It was meant to be a trip of meditative enrichment and physical endurance - and for a month, at least, it was.
Along with a close friend, Launceston literature and philosophy postgraduate Julien Tempone set off on the famed Annapurna Circuit in the mountain ranges of central Nepal in early February.
At the time, coronavirus was largely only impacting China and there was no advice from the Australian Government to avoid overseas travel.
But while he was away for a month - with no phone or internet reception - things escalated rapidly.
When he descended from the mountains and turned on his phone, he realised the extent of his predicament.
"We had hundreds of messages from people telling us to get back, get out, that the virus was a pandemic," he said.
"We booked the first flight to Kathmandu from Pokhara, arrived that evening, then got the news that Nepal had just declared lock down. We weren't leaving, the airport was closed, our flights to Australia had been cancelled."
Like with other Australians stranded in far-reaching corners of the globe during the pandemic, the embassy worked to organise a commercial flight out of the country.
But like with elsewhere, the cost was exorbitant.
"It would be AU$4000, which is roughly 10 times the normal price," Mr Tempone said.
"There were friends and Australians with families of 2-3 kids - they were being asked to pay $20,000 to go home. There were many who simply couldn't afford it, and the government was offering no loans, no means of support, no subsidies - and no evacuations.
"Everyone was concerned for the safety of those least affluent Australians who would be stranded in Nepal by this commercial flight."
AUSTRALIANS STUCK ABROAD:
The seeming inequity of the situation prompted Mr Tempone to start a campaign against "the injustice wrought by this decision", spreading a message through social media channels urging the government to bring its citizens home without them having to pay such an excessive fee.
"Security is not only for the rich," he wrote.
Along with other Australians, Mr Tempone remained in Kathmandu, continuing to lobby for support for all.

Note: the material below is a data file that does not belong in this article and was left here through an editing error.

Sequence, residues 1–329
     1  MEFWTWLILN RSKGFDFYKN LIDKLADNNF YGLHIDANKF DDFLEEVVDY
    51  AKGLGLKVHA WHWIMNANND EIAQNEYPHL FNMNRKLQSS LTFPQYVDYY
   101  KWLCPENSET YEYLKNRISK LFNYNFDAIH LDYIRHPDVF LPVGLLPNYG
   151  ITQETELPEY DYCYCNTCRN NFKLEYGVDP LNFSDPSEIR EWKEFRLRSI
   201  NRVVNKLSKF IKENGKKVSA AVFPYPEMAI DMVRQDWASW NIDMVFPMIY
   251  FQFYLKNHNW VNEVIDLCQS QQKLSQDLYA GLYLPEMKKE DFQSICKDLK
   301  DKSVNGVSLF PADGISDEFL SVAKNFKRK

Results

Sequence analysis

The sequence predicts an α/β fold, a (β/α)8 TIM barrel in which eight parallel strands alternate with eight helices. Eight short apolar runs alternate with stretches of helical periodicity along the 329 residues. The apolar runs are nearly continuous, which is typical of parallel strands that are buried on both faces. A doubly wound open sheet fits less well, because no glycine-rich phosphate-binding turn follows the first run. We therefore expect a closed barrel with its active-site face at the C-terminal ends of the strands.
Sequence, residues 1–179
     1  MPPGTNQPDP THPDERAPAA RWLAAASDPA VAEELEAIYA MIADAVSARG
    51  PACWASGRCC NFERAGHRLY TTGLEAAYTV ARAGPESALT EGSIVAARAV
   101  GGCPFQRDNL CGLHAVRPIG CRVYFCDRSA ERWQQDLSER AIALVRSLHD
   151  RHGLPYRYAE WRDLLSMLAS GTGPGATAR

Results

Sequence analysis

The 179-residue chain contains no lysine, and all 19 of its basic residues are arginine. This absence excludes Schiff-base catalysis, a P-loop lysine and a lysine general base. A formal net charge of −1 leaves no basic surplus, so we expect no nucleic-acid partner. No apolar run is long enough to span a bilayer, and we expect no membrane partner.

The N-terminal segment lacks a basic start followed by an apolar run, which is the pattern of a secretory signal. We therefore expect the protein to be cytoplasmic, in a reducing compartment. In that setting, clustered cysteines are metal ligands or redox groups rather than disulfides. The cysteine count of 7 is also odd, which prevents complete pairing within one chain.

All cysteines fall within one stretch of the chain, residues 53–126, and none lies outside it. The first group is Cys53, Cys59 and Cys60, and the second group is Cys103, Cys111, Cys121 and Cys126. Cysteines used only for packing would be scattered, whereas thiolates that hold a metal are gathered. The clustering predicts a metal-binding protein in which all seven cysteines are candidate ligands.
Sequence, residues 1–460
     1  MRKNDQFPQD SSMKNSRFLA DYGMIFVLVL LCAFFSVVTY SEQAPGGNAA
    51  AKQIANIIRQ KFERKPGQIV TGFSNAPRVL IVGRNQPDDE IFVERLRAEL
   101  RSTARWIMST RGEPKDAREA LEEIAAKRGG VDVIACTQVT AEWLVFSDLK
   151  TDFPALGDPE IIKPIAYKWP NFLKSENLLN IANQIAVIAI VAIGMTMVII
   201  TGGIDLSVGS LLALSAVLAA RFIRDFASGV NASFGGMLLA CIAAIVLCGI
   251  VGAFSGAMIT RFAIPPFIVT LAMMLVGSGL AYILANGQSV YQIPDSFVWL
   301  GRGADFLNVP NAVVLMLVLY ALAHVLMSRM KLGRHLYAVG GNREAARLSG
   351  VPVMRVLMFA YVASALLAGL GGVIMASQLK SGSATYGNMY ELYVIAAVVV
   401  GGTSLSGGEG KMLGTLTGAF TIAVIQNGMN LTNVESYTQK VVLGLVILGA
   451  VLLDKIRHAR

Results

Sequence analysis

He is trapped in a guest house, unable to go outside at all, while the locals appear to be increasingly wary and fearful of foreigners who are being seen as potential carriers of the coronavirus. Mr Tempone suspects this will become worse as the COVID-19 cases become more dramatic in Nepal.
But his thoughts were with the other Australians, rather than himself.
Mr Tempone said it would be impossible for them to remain in Nepal for the duration of the pandemic, with predictions it could last for at least six months.
"They risk being homeless. The government has offered no means for them to live here, nor to get home, so those who were coming towards the ends of their funds risk being trapped in Nepal for six months," he said.
"What will they do when they run out of money for food or accommodation and the pandemic ramps up?
"Everyone was caught off guard by this pandemic, and as Australian citizens, taxpayers and the vulnerable, the government has a responsibility to get us back home - home where we can expect good healthcare should the virus spread here, as it is showing signs of spreading."
CORONAVIRUS LATEST FOR TASMANIA:
They were also desperate to avoid becoming a burden on Nepal, one of Asia's poorest countries where public health resources are limited.
"The spread of the pandemic here would bring this country to its knees," Mr Tempone said.
"The massively over-burdened health system, in a time of pandemic where travel healthcare doesn't work, will see Australians dying alone in a foreign country.
"Nepal doesn't need Australians to stay and use essential resources that Nepalis will need to use in the coming months."
The Nepal Airlines flight carrying 222 Australians and 28 New Zealanders left Kathmandu on Wednesday, scheduled for arrival in Brisbane on Thursday. Since that flight was arranged, there has been no news of any other commercial flights evacuating Australians from Nepal.
It is a situation being repeated across the world. This week, 300 Australians landed in Sydney after being repatriated from South America, but more remain in countries like Peru.
Others in India hold similar concerns to Mr Tempone, fearful of the consequences of remaining in a country with an over-burdened public health system and where locals are growing wary of foreigners.
The Department of Foreign Affairs and Trade is attempting to respond to a high volume of queries regarding Australians stuck overseas and a spokesperson said they will have a response to the issues in Nepal in the coming days.
DFAT has previously stated it would consider matters on a "case-by-case basis".